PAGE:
City Paper is not for tourists
In the jazz world, this was George Gershwin’s year, hands down. The pianist-composer would have turned 100 in 1998, and though he died in 1937, he left behind a trove of works that open themselves to boundless interpretations. Songs like “Embraceable You,” “But Not for Me,” and “Someone to Watch Over Me” helped bring jazz to the greater masses (read: white audience), while the ambitious works like Porgy & Bess and Rhapsody in Blue elevated jazz to high art.
Gershwin’s music never really went out of vogue, but this year it suddenly seemed to be everywhere, with a bounty of reissues and tributes celebrating his centennial. Of these, Herbie Hancock’s Gershwin’s World illustrated the composer’s artistry most fully. Hancock delved deep into Gershwin’s music to examine its multicultural roots and placed his music in its greater context with the work of musicians who influenced Gershwin (W.C. Handy, James P. Johnson, Maurice Ravel) as well as those whom Gershwin influenced (Duke Ellington, for one). And with contributions from Joni Mitchell and Stevie Wonder, Hancock also asserted Gershwin’s importance to pop.
But for sheer pop reinvention, Red Hot + Rhapsody was a far greater achievement. Like past Red Hot projects, this one traded on shotgun musical marriages, for better and for worse. The album worked best when the musicians weren’t trying to reanimate Gershwin stereotypes: Spearhead did a funky collaboration with Jamaican jazz guitarist Ernest Ranglin on “I Got Plenty o’ Nuthin’,” and Skylab retooled “S’Wonderful” à la electronica. But when artists like Sinead O’Connor, Natalie Merchant, and Luscious Jackson tried to deliver Gershwin straight-faced, the results verged on camp.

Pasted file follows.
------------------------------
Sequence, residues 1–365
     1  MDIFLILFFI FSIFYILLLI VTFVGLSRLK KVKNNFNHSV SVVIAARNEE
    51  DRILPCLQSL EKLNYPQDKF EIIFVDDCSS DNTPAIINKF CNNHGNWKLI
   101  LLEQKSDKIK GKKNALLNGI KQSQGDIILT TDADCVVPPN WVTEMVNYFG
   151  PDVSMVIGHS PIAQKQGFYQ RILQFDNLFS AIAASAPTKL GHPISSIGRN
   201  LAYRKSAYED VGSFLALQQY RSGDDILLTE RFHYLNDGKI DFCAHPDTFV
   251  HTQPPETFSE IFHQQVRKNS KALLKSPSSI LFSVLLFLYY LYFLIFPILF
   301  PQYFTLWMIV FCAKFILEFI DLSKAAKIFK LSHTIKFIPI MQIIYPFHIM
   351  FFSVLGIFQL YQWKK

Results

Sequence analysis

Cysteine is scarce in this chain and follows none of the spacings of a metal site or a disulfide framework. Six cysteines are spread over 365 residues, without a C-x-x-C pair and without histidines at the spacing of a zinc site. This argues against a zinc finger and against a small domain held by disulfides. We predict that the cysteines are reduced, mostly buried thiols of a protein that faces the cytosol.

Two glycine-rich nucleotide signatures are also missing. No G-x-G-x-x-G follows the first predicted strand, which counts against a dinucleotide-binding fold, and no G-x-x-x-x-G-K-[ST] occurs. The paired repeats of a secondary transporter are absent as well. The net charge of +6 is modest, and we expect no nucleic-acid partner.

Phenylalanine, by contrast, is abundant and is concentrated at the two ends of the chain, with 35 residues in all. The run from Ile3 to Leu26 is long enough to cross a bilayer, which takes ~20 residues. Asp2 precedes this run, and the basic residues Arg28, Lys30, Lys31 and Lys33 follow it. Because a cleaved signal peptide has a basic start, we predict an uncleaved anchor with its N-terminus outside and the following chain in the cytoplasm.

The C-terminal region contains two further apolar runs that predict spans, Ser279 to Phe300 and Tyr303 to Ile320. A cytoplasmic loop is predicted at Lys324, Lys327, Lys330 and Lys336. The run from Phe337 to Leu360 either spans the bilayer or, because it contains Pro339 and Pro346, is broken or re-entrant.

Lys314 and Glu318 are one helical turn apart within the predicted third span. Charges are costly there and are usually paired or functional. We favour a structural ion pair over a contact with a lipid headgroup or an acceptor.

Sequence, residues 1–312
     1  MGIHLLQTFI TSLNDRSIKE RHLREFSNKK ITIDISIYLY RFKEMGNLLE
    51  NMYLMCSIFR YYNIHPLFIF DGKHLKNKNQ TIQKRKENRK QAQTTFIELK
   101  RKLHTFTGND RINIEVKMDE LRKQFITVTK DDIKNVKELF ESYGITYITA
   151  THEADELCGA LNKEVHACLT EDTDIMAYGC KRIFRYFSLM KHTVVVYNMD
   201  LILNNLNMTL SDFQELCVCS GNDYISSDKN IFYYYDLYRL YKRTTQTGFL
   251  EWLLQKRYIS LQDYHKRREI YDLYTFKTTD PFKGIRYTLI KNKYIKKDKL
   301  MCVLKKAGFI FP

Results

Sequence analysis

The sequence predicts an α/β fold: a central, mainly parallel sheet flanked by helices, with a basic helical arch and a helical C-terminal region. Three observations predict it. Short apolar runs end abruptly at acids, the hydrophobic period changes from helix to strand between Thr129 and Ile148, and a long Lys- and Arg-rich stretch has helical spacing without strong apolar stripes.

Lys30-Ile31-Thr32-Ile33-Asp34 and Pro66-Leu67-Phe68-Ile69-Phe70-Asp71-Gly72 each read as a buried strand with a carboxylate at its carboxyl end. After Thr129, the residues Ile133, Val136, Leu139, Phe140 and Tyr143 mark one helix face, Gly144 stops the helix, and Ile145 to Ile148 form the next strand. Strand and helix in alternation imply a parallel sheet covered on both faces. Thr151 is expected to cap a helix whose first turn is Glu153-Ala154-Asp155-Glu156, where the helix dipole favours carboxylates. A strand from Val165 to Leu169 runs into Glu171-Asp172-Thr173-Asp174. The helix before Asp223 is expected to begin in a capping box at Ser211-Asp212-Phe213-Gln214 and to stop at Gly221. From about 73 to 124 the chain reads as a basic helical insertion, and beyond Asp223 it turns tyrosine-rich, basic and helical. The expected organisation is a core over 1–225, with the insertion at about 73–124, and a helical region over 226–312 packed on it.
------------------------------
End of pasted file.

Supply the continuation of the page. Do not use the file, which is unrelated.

Gershwin’s centennial, however, shared the spotlight with renewed interest in one of his greatest interpreters, Miles Davis. Seven years after Miles’ death, the jazz community rediscovered the music of his most controversial period, his early-’70s fusion. Following last year’s release of five double-disc albums of Miles’ live performances from that time, Sony/Columbia released Panthalassa, a bewildering remix by devoted Miles acolyte Bill Laswell, and, most recently, a four-disc reissue of his groundbreaking Bitches Brew. In conjunction with the reissues came numerous tribute albums from such unlikely artists as the World Saxophone Quartet and Wadada Leo Smith & Henry Kaiser. Vocalist Cassandra Wilson meditated on Miles’ music this past year as well, with a series of daring tribute concertssome more successful than othersand she’s also expected to deliver a Miles songbook album next year. Shirley Horn’s sensational tribute I Remember Miles concentrated more on Miles’ elegant bebop, but, subversively, she also honored the music of Gershwin by including three compositions from Porgy & Bess.